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Travel | Road Trip


Traveling with a baby for the first time can be daunting, if not utterly frightening. I should know: I recently became a first-time mom to a baby girl. Even though I’m a seasoned travel journalist with 20-plus years of globetrotting under my belt, I realize that traveling with a person under the age of 1 is going to be a BIG departure from how I’m used to traveling. (The diapers! The feedings! The baby accessories! The blowouts!)

Anticipating this, I’ve consulted some of my most well-traveled colleagues in the industry—those with kids—for advice. I’ve curated a collection of the best advice received in the hopes that it may help others embarking on a trip with someone under 1 year old.

Of course, you’ll want to check with your pediatrician ahead of traveling for the most appropriate recommendations for your child. But perhaps some of what’s below will help you on your first journey with baby—hopefully making it a little less daunting and, if you’re lucky, blowout-free.
Babies under 1 years old can’t run, can’t talk, are relatively portable, and still sleep a lot. That makes them an ideal travel companion compared to, say, a toddler. Plus, starting early acclimates them to the experience of travel, a skill that’s never too early to “learn.”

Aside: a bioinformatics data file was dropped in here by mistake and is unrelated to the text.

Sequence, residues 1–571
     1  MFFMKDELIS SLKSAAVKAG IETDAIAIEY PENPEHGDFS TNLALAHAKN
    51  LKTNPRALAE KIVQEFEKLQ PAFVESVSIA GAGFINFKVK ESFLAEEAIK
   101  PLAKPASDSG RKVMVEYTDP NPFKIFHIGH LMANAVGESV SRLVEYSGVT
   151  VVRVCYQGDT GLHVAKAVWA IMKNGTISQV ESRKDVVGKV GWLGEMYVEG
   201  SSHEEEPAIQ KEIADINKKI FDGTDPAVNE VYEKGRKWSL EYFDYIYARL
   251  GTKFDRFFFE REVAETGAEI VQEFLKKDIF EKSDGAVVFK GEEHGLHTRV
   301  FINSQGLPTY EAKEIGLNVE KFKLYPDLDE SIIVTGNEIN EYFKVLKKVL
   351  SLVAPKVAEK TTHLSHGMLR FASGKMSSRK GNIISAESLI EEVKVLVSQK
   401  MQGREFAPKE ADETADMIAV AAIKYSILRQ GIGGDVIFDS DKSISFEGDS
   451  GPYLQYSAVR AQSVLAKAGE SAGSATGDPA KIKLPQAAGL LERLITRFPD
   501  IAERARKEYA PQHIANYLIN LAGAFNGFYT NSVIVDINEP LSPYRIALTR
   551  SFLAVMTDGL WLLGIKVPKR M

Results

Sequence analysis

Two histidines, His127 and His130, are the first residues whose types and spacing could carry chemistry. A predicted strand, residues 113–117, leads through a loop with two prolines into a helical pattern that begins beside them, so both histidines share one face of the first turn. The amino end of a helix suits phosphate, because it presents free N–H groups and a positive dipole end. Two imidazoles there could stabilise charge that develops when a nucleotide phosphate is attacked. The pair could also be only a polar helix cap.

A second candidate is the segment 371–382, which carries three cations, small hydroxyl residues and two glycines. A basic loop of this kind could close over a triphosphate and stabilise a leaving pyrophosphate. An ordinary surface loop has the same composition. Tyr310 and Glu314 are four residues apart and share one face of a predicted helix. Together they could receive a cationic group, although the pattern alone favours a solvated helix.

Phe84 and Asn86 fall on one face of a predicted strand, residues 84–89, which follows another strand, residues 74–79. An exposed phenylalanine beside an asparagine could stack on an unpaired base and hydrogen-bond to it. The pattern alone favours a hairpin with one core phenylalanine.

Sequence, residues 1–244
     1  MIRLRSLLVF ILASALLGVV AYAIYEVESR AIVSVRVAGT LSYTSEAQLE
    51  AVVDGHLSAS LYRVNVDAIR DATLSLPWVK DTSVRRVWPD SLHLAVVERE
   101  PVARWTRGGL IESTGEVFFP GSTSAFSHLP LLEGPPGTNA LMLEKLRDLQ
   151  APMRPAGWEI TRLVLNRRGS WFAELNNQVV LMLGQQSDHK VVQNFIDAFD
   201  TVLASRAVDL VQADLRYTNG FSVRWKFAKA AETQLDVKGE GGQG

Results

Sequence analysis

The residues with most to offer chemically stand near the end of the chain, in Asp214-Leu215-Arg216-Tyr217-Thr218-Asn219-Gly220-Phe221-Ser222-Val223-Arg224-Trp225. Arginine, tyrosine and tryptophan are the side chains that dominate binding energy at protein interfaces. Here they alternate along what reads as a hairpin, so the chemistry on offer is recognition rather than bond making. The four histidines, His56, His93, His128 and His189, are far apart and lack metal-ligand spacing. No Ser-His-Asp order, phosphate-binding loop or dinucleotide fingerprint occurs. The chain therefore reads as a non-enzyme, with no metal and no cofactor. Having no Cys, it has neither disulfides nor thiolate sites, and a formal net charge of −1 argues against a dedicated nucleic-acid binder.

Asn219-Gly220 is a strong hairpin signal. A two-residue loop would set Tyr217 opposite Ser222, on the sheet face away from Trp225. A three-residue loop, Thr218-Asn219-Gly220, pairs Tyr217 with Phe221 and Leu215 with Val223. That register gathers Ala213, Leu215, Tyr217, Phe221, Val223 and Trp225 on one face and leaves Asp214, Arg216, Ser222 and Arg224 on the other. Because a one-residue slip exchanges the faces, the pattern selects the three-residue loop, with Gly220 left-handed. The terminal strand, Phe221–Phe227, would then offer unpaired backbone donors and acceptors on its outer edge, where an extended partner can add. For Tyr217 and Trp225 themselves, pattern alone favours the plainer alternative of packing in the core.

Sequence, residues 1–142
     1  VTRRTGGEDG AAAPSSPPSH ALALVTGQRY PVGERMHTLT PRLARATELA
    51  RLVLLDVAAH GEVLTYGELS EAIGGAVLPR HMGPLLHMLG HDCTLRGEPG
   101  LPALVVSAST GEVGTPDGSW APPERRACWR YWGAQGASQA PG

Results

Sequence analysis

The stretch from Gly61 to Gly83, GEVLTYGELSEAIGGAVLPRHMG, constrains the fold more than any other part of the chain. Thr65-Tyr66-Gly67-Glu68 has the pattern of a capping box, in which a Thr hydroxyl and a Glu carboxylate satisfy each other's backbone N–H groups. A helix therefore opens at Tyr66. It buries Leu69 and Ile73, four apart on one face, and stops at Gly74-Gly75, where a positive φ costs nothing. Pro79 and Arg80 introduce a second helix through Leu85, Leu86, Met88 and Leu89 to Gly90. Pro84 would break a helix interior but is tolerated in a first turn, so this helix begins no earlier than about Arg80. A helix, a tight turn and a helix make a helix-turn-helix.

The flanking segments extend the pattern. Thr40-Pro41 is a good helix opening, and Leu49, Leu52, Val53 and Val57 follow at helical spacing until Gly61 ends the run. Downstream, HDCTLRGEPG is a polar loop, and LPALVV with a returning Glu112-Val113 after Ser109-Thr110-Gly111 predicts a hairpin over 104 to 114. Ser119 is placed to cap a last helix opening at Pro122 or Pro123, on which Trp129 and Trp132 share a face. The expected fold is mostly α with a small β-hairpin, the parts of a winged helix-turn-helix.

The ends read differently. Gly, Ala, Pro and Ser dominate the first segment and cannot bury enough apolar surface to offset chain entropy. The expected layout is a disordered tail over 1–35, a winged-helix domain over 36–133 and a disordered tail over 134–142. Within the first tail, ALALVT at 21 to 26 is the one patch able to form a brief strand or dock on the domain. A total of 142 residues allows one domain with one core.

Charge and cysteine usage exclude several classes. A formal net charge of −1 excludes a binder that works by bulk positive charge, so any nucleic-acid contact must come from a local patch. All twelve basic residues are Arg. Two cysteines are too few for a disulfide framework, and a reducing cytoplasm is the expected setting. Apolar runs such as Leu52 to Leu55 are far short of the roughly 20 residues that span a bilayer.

Baby and the sunset

Regardless of how you’re traveling or where you’re going, some key recommendations include:

Take as little gear as possible. Rent (or even buy) gear in your destination whenever possible. Sometimes shipping it is even an option. Bottom line: The lighter you travel, the easier it will be.

Allow yourself at least twice as much time as you think you’ll need.

Avoid jam-packing itineraries, and know when to abandon or shift a plan in real-time. Flexibility will make everyone happier.

Purchase diapers and wipes in bulk once in your destination. Only bring enough diapers and wipes for getting from Point A to Point B.

In your carry-on, pack at least two changes of clothing for baby AND yourself. Blowouts tend happen at the most inconvenient of times.

Bring a portable changing pad. Don’t assume changing tables will be available everywhere.

Pack extra zip-lock bags or a trash bag for soiled clothing.

Bring hand sanitizer (for you) and wipes (to sanitize any public seating areas for baby).

Don’t forget the infant Tylenol and gripe water. You never know when you might need either in a pinch.

If you breastfeed, pack a nursing cover and know your rights in each state.

If you bottle feed, pack pre-portioned bottles of formula or breast milk in a small cooler bag.

Bring whatever will keep your baby engaged and amused during awake time while traveling—even if it means relying on the iPad!

Enjoy the slower pace a baby brings.
Baby on a plan
It’s worth paying extra for a flight that works best with your baby’s sleep schedule and avoids layovers.

Try to secure an aisle seat at the front of the plane. It makes it easier for getting up to walk around with baby. To claim this coveted seat: pre-book it, call in advance, or show up early—as in, arrive at the airport before the other parents!

On most domestic flights, an infant in the lap flies for free. On international flights, there may be a fee. Either way, call the airline in advance to confirm (and make any necessary payments before arriving at the airport).